A recent report indicates food prices in Canada have increased nearly four per cent since last fall with prices for meat products spiking almost 10 per cent in 12 months. THE CANADIAN PRESS FILES/Nathan Denette
By Maggie Macintosh, Local Journalism Initiative Reporter
Published Nov 15, 2021
Vocational teachers are searching for savings wherever possible — in some cases, by replacing individual projects for students with group work or single classroom demonstrations — as price tags on food, fabric and other school supplies spike.
Climate change, pandemic losses, and supply chain issues related to COVID-19 are among the reasons for sticker shock in grocery stores and online catalogues this fall.
Matt Frost, a culinary arts instructor at Tec Voc High School in Winnipeg, estimates his receipts for food and packaging are around 15 to 20 per cent higher than usual. Following months of COVID-19 disruptions, during which many culinary students could not fully participate in remote cooking courses because of limitations on equipment and groceries at home, the latest challenge is disheartening, he said.
“This is just the cherry on top of the cake,” Frost said. “I don’t want to say kids are suffering, because we’re doing our best to make sure they get what they need, but it’s just one thing after another.”
Canada’s consumer price index rose by 4.4 per cent on a year-over-year basis in September, according to Statistics Canada. Food prices have increased nearly four per cent since last fall, per a recent agency report, which indicates prices for meat products spiked almost 10 per cent in 12 months.
Meantime, research from the Agri-Food Analytics Lab at Dalhousie University suggests the food inflation rate in Canada is actually closer to five per cent.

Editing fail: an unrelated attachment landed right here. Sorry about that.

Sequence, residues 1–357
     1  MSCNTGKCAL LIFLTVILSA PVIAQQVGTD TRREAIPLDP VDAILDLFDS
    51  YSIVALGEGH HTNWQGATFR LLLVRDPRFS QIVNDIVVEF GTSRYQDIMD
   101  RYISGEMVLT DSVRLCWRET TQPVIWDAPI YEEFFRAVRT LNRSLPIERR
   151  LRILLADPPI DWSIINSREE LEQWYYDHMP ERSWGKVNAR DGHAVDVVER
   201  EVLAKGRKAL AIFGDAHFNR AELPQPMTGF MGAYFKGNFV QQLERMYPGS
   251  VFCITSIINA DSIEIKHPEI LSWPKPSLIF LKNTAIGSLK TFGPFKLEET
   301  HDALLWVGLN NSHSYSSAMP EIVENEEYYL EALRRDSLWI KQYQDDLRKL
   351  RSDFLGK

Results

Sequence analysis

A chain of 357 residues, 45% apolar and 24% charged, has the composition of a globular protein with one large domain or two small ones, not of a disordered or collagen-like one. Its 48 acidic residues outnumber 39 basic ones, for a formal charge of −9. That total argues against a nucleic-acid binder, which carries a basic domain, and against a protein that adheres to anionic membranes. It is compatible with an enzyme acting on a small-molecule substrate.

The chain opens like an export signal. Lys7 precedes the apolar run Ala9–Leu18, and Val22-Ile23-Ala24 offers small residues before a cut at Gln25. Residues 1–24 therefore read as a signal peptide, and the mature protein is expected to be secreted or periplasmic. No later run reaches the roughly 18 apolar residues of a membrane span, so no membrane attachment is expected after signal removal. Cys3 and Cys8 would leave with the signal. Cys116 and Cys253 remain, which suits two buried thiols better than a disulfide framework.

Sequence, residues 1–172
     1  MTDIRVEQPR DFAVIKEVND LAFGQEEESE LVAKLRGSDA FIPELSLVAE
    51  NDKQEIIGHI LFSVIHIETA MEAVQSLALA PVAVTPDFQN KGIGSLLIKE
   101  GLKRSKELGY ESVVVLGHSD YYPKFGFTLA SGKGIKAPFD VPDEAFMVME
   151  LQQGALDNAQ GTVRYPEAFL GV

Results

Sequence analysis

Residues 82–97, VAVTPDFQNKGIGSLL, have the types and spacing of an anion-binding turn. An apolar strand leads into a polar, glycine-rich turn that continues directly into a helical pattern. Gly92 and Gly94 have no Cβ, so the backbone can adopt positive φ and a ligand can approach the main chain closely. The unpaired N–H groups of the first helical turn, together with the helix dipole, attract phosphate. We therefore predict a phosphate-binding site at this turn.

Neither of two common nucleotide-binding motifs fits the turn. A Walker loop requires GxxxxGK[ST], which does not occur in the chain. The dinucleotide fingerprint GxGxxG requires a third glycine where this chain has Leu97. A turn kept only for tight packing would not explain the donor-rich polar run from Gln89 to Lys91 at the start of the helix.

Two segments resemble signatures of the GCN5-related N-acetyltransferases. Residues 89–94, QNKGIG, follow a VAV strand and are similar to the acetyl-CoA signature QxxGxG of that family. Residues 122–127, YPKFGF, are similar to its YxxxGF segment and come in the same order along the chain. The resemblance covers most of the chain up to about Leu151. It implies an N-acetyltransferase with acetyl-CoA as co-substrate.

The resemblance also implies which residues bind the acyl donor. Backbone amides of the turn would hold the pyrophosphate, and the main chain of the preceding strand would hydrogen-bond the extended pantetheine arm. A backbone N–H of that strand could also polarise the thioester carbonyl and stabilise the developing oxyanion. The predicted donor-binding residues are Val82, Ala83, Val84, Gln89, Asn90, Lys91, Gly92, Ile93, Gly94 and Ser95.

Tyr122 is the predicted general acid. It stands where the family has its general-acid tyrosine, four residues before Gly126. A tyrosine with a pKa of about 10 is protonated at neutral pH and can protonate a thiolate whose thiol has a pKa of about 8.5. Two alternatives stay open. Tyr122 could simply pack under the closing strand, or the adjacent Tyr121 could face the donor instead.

The cost of woodshop materials and sewing items has also been affected throughout the pandemic, in turn putting a strain on school industrial arts and human ecology course budgets.
A spokesperson for Siltex, a popular fabric supplier among teachers in Manitoba, said there has been a huge increase in prices for raw materials, freight, “and everything in between.” While the company said product prices have risen anywhere from 10 to 25 per cent, transportation expenses have increased five-fold.
Between teaching hands-on lessons via Zoom, product shortages and significant spikes in material costs, pandemic schooling has been especially difficult for vocational educators, said Steven Sprange, president of the Vocational Teachers’ Association of Manitoba.
The programming, however, remains critical, said Sprange: “We give ‘non-traditional students’ places to learn. The hands-on learners, the people who don’t necessarily learn from a book, who sometimes fall between the cracks… (Vocational education) is an opportunity to get to graduation.”
In response to concerns about budget constraints, trustees in the Pembina Trails School Division voted this week to allocate up to $90,000 of the board’s designated safe schools funding towards practical arts programs.
“Without this money, the programs wouldn’t be able to operate and then our educational programming would be sub-par, and our students are engaged in rebound learning and this is part of that rebound learning,” said Ted Fransen, superintendent of Pembina Trails.
Brian Cameron said his vocational instructors are coping by reusing items as much as possible, reaching outcomes using fewer materials, and researching sales. So far, Cameron, who oversees the Louis Riel Arts and Technology Centre in Winnipeg, has yet to issue any budget freezes.
While it’s been a challenge, Cameron is optimistic. The principal of the Louis Riel School Division facility said he likes to think this has been an opportunity to reflect on increased costs of living and “make sure we get the best bang for our bucks.”
Frost, who works in the Winnipeg School Division, said he is substituting for lesser-quality products — for instance, swapping rib-eye steaks for sirloin — and utilizing both demonstrations and group projects instead of constantly assigning individual recipes at the Grade 9 and 10 levels to stretch every dollar a bit further at Tec Voc.
“We just have to be really strategic about how we’re spending our money, so we’re not sacrificing student learning,” said the culinary arts teacher.
This item is reprinted with permission from Winnipeg Free Press. See article HERE.
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